Thursday, 2 July 2020

Idea Behind Problematic Pakistan

Updated: July 13, 2013 12:00 pm

The book is an in-depth study of the working of Pakistani military regime, political turmoil and the tussle between the military and the politicians, thinking of common people on Indo-Pakistan relations, and rift between West and East Pakistan culminating in the birth of Bangladesh. The 186-page book is divided into three chapters.

The writer’s principal argument is that the role of Islam in Pakistani political life has been adequately squared by its leadership, which has struggled to construct a nation based solely on religion. The contest and interplay between two rival discourses of Islam–the religiosity espoused by the ruling feudal-military elite sufficient to sustain the two nation-theory and the Islamism favoured by the religious establishment seeking to impose a doctrinaire version of Islam–according to the writer, account for the ideological incoherence in Pakistan. The tragic irony of Pakistan is that, despite being conceived as a Muslim homeland, built in the name of Islam, over six decades later, it remains a state still trapped in myths of its own making.

To be itself, Pakistan feels it must repudiate India. The US and China, though for reasons of their own emboldened Pakistan with economic and military aid. The book further reveals that if Pakistani elites’ choices and policies defy normal state behaviour, it is because Pakistan is an anomaly in the proliferation of nation states in the past century. The creative challenge before Pakistan’s leaders was to provide a constitutional niche for Islam that recognised its importance in the creation of the state while containing its influence in dictating policy. The author suggests that the lack of local roots among the first generation of Pakistani leaders including Jinnah, who had arrived from urban north-central India, contributed to their invoking of Islamic symbols to attain legitimacy and suppress regional cleavages.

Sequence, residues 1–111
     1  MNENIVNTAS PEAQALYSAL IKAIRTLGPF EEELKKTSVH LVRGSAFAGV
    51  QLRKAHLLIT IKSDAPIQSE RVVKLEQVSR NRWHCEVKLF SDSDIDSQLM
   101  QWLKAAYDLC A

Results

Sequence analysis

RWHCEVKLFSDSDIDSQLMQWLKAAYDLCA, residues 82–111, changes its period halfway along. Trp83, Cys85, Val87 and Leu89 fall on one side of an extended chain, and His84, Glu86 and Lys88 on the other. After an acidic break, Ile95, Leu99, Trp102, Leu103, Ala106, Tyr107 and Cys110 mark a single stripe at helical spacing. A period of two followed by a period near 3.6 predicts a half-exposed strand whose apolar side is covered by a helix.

Thus, after two decades of ideological ambiguities that struggled to reconcile the status of 14 million non-Muslims, the secession of East Pakistan in 1971 finally freed Pakistani rulers from discarding their secular pretensions and accelerating an overt programme of Islamisation to discover and construct a real Pakistan more oriented towards the Arabian Middle East. This decisive shift, that received vigorous support during General Zia’s regime, was associated with the introduction of a parallel

Sharia law that was perhaps the final repudiation of Jinnah’s foundational statement endorsing the legal equality of all Pakistan’s citizens. Notwithstanding the negative attitudes, the lasting friendship and amity between India and Pakistan is not an improbability. The author thinks that Pakistan has a morbid fear of India both for historical reasons and for some events subsequent to the partition of India. The sheer size of India, the Kashmir issue, steady economic growth of India and the support both military and moral that India received from major foreign countries made Pakistan nervous about her survival as an independent nation state.

The initial phase of Islamisation in the early 1980s was envisaged by Zia to ensure it remained a state-sponsored and state-controlled exercise. The writer extends his argument to include Pakistan’s foreign policy as another symptom of its internal failings. In a nutshell, it can be said that the strategic implications of Pakistan’s ill-fated quest for a national identity have been extremely destructive for the subcontinent and beyond.

By Ashok Kumar

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